Designing Speech and Language Interactions for Mobiles and Wearables


Our workshop aims to develop speech, audio, and multimodal interaction as a well-established area of study within HCI, aiming to leverage current engineering advances in ASR, NLP, TTS, multimodal, gesture recognition, or brain-computer interfaces (BCI). In return, advances in HCI can contribute to creating processing algorithms that are informed by and better address the usability challenges of such interfaces.

We also aim to increase the cohesion between research currently dispersed across many areas including HCI, wearable and mobile design, ASR, NLP, BCI complementing speech, EMG interaction, eye-gaze input, or gesture processing. Our hope is to energize the HCI and engineering communities to push the boundaries of what is possible with wearable, mobile, social robots, smart homes, smart assistants, or pervasive computing, but also make advances in each of the respective communities. As an example, the recent significant breakthroughs in deep neural networks is largely confined to audio-only features, while there is a significant opportunity to incorporate into this framework other features and context (such as multimodal input for wearables). We anticipate this can only be accomplished by closer collaboration between the speech and the HCI communities.

Our ultimate goal is to cross pollinate ideas from the activities and priorities of different disciplines. With its unique format and reach, this workshop offers the opportunity to strengthen future approaches and unify practices moving forward. The HCI community at large can be a host to researchers from other disciplines with the goal of advancing multimodal interaction design for wearable, mobile, and pervasive computing. The organizing committee for this workshop (the authors list) is living proof that such inter-disciplinary collaborations are possible.


We are proposing to build upon the discussions started during our lively-debated and highly-engaging panel on speech interaction that was held at CHI 2013, which was followed by successful workshops (20+ participants each) on speech and language interaction, held at CHI 2014, 2016, and 2017. We aim to broaden the domain of this community-building activities to all types of interfaces for which voice communications may be suitable: desktops, mobiles, wearables, personal assistant robots, smart home devices. We propose several topics for discussions and activity:

  • What are the important challenges in using speech as a “mainstream” modality? Speech is increasingly available – can we characterize which applications speech is suitable or beneficial for?

  • What interaction opportunities are presented by the rapidly evolving mobile and wearable research areas?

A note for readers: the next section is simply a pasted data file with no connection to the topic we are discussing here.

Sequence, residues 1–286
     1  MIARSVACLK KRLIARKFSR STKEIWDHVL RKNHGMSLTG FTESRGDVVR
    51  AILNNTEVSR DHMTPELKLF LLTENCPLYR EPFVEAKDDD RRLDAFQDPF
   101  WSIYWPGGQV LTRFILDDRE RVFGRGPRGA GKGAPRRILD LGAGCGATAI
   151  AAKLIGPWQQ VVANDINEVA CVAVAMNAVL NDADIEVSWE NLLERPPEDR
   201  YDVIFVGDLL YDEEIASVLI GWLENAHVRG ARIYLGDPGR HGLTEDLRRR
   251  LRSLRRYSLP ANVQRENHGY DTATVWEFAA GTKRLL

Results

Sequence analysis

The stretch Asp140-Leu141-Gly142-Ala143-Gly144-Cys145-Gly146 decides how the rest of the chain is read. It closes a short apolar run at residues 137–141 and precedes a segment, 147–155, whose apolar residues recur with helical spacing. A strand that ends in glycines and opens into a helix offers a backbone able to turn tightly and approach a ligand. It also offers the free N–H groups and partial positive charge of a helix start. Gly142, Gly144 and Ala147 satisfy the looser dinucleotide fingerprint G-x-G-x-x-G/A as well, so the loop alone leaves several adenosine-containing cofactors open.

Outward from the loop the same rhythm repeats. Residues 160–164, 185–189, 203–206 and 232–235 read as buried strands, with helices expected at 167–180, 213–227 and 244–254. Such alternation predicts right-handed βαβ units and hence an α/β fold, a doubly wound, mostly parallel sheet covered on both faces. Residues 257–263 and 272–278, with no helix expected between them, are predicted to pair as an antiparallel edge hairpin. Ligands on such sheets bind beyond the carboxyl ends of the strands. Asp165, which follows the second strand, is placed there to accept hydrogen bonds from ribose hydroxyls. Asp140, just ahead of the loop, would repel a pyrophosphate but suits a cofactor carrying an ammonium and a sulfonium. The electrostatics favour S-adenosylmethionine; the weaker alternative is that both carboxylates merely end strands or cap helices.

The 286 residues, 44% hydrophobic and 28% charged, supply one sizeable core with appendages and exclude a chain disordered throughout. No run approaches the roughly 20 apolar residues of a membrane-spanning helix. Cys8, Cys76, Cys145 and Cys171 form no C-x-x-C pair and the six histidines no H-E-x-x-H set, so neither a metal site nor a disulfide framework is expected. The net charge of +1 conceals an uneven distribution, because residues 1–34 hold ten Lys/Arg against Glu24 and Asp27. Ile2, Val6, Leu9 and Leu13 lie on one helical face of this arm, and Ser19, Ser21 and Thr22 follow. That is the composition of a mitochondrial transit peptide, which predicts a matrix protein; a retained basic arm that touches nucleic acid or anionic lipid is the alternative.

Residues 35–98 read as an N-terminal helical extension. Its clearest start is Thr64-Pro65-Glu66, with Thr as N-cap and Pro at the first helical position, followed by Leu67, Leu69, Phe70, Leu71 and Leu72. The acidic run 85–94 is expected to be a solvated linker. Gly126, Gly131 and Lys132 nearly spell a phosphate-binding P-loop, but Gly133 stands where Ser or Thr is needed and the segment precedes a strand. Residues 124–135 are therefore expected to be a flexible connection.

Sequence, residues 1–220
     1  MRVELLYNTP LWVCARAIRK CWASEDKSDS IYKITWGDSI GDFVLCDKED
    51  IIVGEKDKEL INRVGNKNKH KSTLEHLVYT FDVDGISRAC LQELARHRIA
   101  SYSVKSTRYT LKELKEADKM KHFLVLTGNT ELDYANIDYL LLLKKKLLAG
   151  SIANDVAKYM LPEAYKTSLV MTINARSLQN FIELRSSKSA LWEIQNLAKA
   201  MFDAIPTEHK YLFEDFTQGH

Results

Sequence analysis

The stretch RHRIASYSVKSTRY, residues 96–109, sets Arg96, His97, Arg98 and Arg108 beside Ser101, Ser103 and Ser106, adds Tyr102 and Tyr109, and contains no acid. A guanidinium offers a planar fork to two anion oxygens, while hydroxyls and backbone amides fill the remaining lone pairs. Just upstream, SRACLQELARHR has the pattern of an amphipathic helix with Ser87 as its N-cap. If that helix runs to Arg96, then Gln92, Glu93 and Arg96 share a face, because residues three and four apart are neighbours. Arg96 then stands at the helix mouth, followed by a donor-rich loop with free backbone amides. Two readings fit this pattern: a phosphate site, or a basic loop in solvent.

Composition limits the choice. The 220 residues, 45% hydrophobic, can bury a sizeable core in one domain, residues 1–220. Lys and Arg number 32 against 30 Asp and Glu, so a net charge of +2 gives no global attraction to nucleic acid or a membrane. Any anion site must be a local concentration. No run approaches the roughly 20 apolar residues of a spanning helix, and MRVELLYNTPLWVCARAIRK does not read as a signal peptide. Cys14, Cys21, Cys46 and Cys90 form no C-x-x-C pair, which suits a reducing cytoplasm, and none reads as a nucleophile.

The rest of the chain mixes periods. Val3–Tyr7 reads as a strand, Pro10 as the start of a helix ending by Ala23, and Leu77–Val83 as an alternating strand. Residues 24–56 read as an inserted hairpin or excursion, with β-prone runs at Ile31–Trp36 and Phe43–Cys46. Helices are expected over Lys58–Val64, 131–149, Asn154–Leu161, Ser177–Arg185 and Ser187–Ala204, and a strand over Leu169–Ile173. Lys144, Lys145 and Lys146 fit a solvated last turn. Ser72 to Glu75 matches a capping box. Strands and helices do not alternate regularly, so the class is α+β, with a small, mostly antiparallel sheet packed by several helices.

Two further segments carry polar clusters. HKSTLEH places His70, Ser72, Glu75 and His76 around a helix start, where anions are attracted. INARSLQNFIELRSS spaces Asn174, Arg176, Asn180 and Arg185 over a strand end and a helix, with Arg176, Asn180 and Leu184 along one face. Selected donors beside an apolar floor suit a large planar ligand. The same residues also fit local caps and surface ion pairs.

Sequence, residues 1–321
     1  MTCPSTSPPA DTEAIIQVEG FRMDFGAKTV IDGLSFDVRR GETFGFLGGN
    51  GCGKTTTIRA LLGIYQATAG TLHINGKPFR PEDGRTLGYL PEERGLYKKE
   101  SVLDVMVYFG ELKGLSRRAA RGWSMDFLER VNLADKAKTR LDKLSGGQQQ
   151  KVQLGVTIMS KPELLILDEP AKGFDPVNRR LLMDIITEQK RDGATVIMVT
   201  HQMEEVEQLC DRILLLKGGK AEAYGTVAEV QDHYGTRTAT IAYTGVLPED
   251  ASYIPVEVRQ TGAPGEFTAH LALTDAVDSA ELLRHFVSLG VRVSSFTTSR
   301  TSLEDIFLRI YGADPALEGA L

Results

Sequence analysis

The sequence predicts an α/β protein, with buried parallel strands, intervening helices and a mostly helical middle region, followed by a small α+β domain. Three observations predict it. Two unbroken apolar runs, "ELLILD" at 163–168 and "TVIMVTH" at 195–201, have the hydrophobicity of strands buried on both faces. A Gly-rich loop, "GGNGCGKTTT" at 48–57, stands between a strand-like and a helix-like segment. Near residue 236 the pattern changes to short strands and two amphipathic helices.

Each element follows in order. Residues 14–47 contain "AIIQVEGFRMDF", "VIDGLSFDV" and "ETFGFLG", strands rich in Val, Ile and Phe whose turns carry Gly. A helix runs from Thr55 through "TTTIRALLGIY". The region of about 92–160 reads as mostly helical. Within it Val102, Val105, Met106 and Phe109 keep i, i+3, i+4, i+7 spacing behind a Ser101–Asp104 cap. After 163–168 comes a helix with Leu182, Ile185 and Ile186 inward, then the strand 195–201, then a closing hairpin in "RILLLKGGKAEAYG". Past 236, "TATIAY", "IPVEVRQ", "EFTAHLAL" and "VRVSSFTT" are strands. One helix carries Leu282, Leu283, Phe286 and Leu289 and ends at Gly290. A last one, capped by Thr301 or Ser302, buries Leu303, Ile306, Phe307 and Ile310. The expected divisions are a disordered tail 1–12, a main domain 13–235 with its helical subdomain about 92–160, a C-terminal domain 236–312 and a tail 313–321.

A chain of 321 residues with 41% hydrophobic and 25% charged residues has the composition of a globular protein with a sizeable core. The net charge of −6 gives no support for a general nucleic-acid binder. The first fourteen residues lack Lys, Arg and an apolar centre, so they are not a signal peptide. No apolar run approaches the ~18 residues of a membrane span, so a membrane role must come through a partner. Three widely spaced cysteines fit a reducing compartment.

• Can speech and multimodal increase usability and robustness of interfaces and improve user experience beyond input/output?

  • What can the MobileHCI community learn from Automatic Speech Recognition (ASR), Text-to-Speech Synthesis (TTS), and Natural Language Processing (NLP) research, and in turn, how can it help these communities improve the user-acceptance of such technologies? How can work in context and discourse understanding or dialogue management shape research in speech and multimodal UI? And can we bridge the divide between the evaluation methods used in HCI and the AI-like batch evaluations used in speech processing?

  • How can UI designers make better use of the acoustic-prosodic information in speech, such as emotion recognition or identifying users' cognitive states? How can this be translated into the design of empathic voice interfaces?

  • What are the usability challenges of synthetic speech? How can expressiveness and naturalness be incorporated into interface design guidelines, particularly in mobile or wearable contexts where text-to-speech could potentially play a significant role in users' experiences? And how can this be generalized to designing usable UIs for mobile and pervasive (in-car, in-home) applications that rely on multimedia response generation?

  • What are the opportunities and challenges for speech and multimodal interaction with regards to spontaneous access to information afforded by wearable and mobile devices? And what are the privacy concerns, e.g. with using such modalities in a secure and personal manner?

  • Are there particular challenges when interacting with emerging devices such as smart home / ambient personal assistants / conversational interfaces?

  • What are the implications for the design of speech and multimodal interaction presented by new contexts for wearable use, including hands-busy, cognitively demanding situations, or unintentional use (in the case of body-worn sensors)?